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TAS Country : January 6th 2011
uary 7, 2011 11 LOOKING BACK: John Taylor Snr outside the historic wool and shearing shed. IDEAL FARMLAND: Being naturally open country, Winton didn't require clearing in the early days. We had a very dry year in 1982 and everything on the property dried up except the river. We just had to open up all the paddocks so the stock could get to water. ' rn to judgment and making the right decisions,'' she said. The Taylors' proactive approach to selling and marketing their wool saw them make the decision to cease mulesing three years ago. Mr Taylor said they were receiving market signals that non-mulesed wool was a preference from their major buyers, which made the decision relatively straightforward. ''It does mean more work, but we're managing our way through it,'' Mr Taylor said. ''We thought if we could get through it, it would be something extra we could add to the promotion of our wool.'' Mr Taylor said balancing wool production with all the other traits such as fertility, frame size and now skin wrinkle was an on-going process. Despite having a reputation for being less hardy than other breeds, Mr Taylor said this was not the case with the Saxon merinos. ''They are actually very well suited to our harsh climate here,'' he said. ''You can put the Saxons out on the run country and they do very well, but with some of the other breeds they just wouldn't survive.'' During the recent drought, Mr Taylor said they had fought hard to maintain as much of their flock as possible, because they knew cutting back would mean years of work to rebuild. ''We were quite stubborn about it actually,'' he said. ''We decided that we would rather spend money on grain and labour and keep as many sheep as possible, rather then de-stock, because we couldn't just go out again and buy in sheep once the drought had finished.'' With sheep numbers now steadily increasing, Mr Taylor said they could afford to be more selective in their breeding and culling programs. Demand for their wool is continuing to grow and Mr Taylor said the plan was also to keep gradually expanding the flock. Shearing at Winton is done at the original wool shed which has also seen as extension added. The ewe flock is shorn in April and the wethers in October. While the Winton sheep flock receives at lot of attention, the property is also home to a top quality hereford stud which dates back to 1875. Nowadays, the herd has been reduced in size, due to the impact of the drought, but a core of breeding cows is kept. ''The cattle work well in the sheep rotation,'' Mr Taylor said. ''They keep the pastures down and help with the worm issues.'' The family's first move into water storage and eventually irrigation was to build a large 5000 megalitre dam after the 1982 drought. ''We had a very dry year in 1982 and everything on the property dried up except the river,'' Mr Taylor said. ''We just had to open up all the paddocks so the stock could get to water.'' After that difficult year, Mr Taylor said the dam was built in an effort to drought-proof the property. This strategy has been effective, but now the water is also being utilised for cropping. John said poppies and potatoes were their main crops, but cereals are also grown for stock feed. There are extensive underground water systems and five centre pivot irrigators.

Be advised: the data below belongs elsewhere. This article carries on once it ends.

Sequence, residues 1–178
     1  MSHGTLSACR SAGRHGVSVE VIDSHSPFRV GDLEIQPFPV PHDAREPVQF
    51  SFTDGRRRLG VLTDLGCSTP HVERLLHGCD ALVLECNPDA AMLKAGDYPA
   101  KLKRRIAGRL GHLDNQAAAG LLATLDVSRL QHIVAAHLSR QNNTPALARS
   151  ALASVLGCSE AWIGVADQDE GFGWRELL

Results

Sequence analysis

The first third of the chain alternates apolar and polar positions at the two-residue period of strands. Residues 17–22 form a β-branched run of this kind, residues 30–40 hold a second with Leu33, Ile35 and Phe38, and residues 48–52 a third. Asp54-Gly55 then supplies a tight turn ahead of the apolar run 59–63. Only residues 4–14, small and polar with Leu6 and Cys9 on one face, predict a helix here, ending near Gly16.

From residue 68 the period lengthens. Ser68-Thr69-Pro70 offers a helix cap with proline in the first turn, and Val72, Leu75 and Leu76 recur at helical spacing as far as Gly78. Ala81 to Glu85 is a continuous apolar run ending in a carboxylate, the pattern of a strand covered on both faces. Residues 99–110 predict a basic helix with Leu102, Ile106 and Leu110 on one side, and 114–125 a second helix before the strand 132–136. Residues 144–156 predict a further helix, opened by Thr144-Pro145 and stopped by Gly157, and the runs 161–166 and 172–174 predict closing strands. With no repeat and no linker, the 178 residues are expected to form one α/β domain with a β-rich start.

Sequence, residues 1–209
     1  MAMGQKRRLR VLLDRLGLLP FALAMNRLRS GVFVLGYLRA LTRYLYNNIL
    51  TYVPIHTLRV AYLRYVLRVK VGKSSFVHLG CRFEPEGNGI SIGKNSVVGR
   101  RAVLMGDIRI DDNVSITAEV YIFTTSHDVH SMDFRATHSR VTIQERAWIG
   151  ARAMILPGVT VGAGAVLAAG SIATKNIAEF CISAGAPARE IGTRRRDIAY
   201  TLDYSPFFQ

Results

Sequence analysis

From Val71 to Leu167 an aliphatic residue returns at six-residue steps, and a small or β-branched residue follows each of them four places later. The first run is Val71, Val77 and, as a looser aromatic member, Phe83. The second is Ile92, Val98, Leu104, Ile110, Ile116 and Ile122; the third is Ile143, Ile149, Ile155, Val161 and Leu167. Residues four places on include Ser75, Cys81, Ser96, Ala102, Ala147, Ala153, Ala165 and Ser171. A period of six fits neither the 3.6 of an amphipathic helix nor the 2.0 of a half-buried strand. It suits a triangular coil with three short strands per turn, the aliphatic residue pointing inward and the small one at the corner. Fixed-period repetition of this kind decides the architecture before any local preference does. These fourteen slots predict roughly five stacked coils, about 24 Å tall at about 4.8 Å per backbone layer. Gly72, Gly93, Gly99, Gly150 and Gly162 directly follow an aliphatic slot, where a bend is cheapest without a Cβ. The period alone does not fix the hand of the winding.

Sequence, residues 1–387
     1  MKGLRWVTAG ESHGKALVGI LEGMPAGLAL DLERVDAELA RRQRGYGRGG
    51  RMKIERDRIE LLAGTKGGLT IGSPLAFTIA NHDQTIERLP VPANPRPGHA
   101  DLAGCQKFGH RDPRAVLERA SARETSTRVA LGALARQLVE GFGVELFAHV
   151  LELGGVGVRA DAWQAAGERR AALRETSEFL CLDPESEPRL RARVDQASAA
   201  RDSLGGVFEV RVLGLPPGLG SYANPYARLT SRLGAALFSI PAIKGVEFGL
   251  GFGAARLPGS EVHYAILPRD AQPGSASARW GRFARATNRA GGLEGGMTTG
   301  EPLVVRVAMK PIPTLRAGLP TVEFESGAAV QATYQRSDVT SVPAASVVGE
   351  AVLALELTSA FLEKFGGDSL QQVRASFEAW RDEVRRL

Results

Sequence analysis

December 23rd 2010
January 13th 2011